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Obama on Prop 8: How sweeping is administration support for gay marriage?

Even if the Supreme Court agrees with President Obama's brief arguing that California's Prop. 8 is unconstitutional, that doesn't mean there will be a nationwide right for gays to marry.

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President Obama speaks to reporters in the White House briefing room on Friday. The president took questions about the amicus brief the White House filed with the US Supreme Court, which argues that California’s Proposition 8, which bans gay marriage, is unconstitutional.

Charles Dharapak/AP

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President Obama on Friday said that in recent years, the whole nation has moved toward the position that gay couples should marry – a change in thinking that mirrors his own.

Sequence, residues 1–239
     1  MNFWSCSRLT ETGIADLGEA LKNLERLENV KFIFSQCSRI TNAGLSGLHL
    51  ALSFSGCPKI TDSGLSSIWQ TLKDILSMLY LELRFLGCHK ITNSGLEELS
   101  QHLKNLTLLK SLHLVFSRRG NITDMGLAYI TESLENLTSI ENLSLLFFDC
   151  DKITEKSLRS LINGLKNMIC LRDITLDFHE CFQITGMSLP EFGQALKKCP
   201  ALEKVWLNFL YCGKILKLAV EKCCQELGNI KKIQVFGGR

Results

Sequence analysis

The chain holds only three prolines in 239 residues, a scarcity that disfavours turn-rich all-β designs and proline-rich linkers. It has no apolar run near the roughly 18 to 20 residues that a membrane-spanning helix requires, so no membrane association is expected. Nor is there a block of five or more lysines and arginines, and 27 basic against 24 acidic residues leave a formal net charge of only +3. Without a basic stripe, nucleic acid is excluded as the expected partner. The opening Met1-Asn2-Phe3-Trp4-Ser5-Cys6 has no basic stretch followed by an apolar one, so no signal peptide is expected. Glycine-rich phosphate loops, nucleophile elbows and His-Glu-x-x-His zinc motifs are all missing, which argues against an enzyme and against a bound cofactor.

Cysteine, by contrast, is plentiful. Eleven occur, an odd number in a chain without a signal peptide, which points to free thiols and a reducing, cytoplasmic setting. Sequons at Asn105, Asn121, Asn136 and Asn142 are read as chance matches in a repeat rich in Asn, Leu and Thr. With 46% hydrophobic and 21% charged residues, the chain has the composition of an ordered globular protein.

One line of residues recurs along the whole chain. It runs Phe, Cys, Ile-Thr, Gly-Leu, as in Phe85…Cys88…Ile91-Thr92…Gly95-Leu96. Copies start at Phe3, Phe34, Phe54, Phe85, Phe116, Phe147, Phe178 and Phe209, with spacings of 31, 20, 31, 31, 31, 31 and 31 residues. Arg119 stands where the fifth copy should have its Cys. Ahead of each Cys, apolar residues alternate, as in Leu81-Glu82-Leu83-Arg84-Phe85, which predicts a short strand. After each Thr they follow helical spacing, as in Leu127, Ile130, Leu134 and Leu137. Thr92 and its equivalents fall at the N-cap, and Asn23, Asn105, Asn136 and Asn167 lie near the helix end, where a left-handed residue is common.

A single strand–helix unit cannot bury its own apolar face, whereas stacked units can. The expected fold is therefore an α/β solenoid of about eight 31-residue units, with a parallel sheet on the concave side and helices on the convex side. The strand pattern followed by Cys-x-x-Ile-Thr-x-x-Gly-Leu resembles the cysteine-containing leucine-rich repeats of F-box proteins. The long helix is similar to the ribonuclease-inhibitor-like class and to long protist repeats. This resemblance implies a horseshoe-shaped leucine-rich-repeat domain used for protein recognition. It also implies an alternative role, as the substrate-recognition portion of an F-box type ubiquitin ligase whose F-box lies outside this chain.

That’s a “positive thing,” he said at a short news conference, and it’s a big reason the administration on Thursday filed a friend-of-the-court brief with the US Supreme Court arguing that California’s Proposition 8, which bans gay marriage, is unconstitutional.

“When the Supreme Court essentially called the question by taking this case about California’s law, I didn’t feel like that was something that this administration could avoid,” Mr. Obama said. “I felt it was important for us to articulate what I believe and what this administration stands for.”

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But do Obama and his administration believe the court should establish a broad national right for gays to wed? That’s a question with a complex answer not entirely reflected in the president’s words.

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